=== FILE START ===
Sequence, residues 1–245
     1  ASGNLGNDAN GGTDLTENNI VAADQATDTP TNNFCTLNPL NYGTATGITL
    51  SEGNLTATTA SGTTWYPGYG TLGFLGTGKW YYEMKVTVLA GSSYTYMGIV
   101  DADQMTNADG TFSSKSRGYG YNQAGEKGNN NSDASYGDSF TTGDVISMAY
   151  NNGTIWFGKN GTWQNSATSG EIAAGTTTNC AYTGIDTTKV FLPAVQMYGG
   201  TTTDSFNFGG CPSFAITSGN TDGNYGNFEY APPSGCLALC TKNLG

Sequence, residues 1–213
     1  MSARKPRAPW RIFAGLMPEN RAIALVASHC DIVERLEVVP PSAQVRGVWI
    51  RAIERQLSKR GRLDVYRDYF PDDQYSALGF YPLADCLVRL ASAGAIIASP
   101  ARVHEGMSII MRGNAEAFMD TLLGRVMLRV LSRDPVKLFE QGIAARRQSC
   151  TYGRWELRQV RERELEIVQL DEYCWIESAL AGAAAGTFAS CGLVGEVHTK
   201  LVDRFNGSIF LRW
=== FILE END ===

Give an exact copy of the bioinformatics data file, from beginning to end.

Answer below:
Sequence, residues 1–245
     1  ASGNLGNDAN GGTDLTENNI VAADQATDTP TNNFCTLNPL NYGTATGITL
    51  SEGNLTATTA SGTTWYPGYG TLGFLGTGKW YYEMKVTVLA GSSYTYMGIV
   101  DADQMTNADG TFSSKSRGYG YNQAGEKGNN NSDASYGDSF TTGDVISMAY
   151  NNGTIWFGKN GTWQNSATSG EIAAGTTTNC AYTGIDTTKV FLPAVQMYGG
   201  TTTDSFNFGG CPSFAITSGN TDGNYGNFEY APPSGCLALC TKNLG

Sequence, residues 1–213
     1  MSARKPRAPW RIFAGLMPEN RAIALVASHC DIVERLEVVP PSAQVRGVWI
    51  RAIERQLSKR GRLDVYRDYF PDDQYSALGF YPLADCLVRL ASAGAIIASP
   101  ARVHEGMSII MRGNAEAFMD TLLGRVMLRV LSRDPVKLFE QGIAARRQSC
   151  TYGRWELRQV RERELEIVQL DEYCWIESAL AGAAAGTFAS CGLVGEVHTK
   201  LVDRFNGSIF LRW